The anticipation of more stimulus also changed investor behavior, in that they became eager to take on more risk, or buy the dips, knowing that central banks would keep QE measures going at the first sign of market turbulence. While in theory central bankers should not base their policy decisions on financial market developments, a sharp rise in volatility could lead to an excessive tightening in financial conditions, threatening their inflation targets. This interdependence contributed to the ECB's dovish tone before this year's French elections and around uncertainty over the Italian elections.
Many have been calling for an end to this low-volatility, buy-the-dip environment but have largely failed -- perhaps, until now. Although central bankers' main worry since the crisis was to stimulate the economy and financial markets, their tone has recently shifted. With the U.S. reaching full employment and European growth data breaking multi-year highs, the Federal Reserve, which had already signaled a move toward policy normalization, together with the ECB, Bank of Japan, Bank of England and Bank of Canada all more forcefully expressed a hawkish stance.
Investors reacted with a sharp sell-off in government debt, marking the worst day in German bunds since 2015. The shockwave reverberated through other markets, including equities and currencies, and hurt short volatility and risk-parity strategies, which are based on a stable correlation between risky and risk-free assets, such as government bonds.
The recent turmoil offers a good example of what's to come as the global economy recovers and central bankers curb stimulus. The situation is somewhat of a Catch-22 for central bankers. Withdrawing stimulus may result into a return of volatility and perhaps a crisis today, while keeping it going may create an even bigger one tomorrow. Sooner or later, volatility will rise again. When it does, the tail risk may come from "risk-free" assets.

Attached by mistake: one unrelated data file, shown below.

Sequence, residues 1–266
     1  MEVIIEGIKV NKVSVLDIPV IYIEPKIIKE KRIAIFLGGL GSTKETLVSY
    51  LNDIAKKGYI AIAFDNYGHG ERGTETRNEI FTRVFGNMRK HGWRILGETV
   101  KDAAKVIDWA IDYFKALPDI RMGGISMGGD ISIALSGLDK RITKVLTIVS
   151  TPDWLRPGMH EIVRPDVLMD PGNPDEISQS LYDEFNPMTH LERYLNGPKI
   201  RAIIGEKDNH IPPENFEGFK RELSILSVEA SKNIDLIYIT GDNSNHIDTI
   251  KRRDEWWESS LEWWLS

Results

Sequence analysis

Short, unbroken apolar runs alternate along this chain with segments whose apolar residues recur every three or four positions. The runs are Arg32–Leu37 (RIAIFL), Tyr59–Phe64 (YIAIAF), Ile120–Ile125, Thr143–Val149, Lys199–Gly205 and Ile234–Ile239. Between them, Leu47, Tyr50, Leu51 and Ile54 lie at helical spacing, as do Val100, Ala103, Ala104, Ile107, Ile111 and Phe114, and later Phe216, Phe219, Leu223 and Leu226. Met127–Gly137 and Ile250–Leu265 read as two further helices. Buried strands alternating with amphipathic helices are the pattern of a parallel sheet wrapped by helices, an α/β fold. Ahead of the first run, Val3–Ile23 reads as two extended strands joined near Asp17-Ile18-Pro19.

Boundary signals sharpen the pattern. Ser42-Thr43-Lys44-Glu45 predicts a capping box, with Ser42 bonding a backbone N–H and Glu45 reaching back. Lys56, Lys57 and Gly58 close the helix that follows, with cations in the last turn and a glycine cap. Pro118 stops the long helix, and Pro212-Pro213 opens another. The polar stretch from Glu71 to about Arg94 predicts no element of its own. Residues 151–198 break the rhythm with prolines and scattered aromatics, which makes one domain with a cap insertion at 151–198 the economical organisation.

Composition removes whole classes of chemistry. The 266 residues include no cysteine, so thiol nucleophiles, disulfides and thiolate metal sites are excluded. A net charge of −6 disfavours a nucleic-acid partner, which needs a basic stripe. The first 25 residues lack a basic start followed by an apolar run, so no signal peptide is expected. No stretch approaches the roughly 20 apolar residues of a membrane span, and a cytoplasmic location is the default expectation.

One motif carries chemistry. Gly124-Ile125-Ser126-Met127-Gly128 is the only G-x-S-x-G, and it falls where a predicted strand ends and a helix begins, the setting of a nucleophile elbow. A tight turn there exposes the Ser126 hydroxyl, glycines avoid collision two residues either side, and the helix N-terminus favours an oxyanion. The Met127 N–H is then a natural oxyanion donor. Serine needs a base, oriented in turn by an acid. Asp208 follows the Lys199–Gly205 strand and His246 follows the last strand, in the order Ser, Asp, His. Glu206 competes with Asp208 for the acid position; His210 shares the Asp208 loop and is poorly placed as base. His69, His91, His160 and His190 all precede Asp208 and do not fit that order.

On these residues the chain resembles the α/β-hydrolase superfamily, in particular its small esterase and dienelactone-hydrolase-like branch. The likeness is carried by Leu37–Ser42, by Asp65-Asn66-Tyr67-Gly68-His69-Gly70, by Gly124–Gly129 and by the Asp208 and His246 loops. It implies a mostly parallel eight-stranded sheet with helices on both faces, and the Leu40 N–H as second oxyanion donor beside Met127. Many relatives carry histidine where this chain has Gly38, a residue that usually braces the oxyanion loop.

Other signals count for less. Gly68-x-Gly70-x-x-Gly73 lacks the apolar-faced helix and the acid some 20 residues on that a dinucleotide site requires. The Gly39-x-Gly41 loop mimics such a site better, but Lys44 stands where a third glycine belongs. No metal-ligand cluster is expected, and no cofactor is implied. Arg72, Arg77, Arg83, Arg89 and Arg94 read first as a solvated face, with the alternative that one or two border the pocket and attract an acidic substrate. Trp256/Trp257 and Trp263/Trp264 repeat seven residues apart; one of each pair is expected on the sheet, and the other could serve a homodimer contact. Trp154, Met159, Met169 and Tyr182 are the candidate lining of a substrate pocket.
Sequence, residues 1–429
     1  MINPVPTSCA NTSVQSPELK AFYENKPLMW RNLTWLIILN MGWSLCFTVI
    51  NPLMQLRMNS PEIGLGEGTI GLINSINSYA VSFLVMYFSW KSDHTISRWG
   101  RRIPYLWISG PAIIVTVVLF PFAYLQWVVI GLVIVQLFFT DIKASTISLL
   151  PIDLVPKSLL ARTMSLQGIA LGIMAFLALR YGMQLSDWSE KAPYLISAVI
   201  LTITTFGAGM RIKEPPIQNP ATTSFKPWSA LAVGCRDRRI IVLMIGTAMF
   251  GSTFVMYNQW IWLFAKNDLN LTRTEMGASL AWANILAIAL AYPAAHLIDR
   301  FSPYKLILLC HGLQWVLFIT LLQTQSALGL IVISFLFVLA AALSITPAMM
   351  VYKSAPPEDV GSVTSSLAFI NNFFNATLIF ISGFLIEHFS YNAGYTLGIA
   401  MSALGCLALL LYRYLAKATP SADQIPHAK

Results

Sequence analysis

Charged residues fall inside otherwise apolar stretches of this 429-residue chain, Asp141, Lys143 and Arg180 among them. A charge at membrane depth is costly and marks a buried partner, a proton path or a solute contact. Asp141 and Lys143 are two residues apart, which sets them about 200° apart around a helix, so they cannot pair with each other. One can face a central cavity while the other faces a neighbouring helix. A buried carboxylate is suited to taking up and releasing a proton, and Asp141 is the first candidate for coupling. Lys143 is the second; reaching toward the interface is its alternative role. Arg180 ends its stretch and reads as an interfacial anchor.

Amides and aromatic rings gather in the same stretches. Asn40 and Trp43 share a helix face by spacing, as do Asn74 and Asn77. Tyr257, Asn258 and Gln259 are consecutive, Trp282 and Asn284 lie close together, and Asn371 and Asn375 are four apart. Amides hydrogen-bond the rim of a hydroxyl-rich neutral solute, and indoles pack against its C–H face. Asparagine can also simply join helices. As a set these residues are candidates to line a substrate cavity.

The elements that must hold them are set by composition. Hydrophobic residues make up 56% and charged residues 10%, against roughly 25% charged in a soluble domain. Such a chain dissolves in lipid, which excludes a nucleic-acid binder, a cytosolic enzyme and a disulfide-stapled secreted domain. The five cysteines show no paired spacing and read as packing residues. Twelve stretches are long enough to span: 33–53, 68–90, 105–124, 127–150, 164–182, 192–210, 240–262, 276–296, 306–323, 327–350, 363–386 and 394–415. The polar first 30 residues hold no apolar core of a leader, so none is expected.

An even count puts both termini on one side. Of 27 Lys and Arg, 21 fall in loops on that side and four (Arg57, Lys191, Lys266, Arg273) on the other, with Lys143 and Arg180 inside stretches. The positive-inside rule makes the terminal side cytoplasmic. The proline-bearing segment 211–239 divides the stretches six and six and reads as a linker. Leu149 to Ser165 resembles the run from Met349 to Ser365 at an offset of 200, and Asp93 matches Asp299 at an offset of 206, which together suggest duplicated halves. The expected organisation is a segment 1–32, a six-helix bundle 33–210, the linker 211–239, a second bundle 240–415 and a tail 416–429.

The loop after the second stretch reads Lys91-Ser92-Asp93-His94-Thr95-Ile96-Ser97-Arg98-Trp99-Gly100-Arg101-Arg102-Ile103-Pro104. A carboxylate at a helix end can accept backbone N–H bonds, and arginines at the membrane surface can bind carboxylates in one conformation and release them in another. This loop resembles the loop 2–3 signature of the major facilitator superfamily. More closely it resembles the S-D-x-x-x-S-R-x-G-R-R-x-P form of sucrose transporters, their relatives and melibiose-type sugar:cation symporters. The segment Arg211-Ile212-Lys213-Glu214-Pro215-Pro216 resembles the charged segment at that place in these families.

One year after the start of the crisis in 2008, Fed Chair Janet Yellen delivered a speech at the Levy Economics Institute, where Minsky was a scholar. The topic was how to prevent future meltdowns, with capital controls, liquidity requirements and macro-prudential supervision some of the suggested fixes. She noted an irony: her previous speech at the institute, in 1996, was on measuring risk with complex instruments such as securitizations. "I remain highly optimistic that both our system of financial intermediation and our system of financial regulation will remain strong and resilient," she said at the time.
Nine years after the crisis, regulators have tightened capital and liquidity requirements. Yet central banks continue to encourage investors to buy dips and sell volatility as part of the wealth effect and portfolio rebalancing channels of QE stimulus. Financial stability oversight and macro-prudential policy remain a side game, generally outside their core mandate. Last week, Yellen went even further, saying a financial crisis is unlikely to happen in our lifetimes. If he were alive, Minsky would be shaking his head.
This article was published on Bloomberg View on July 5, 2017.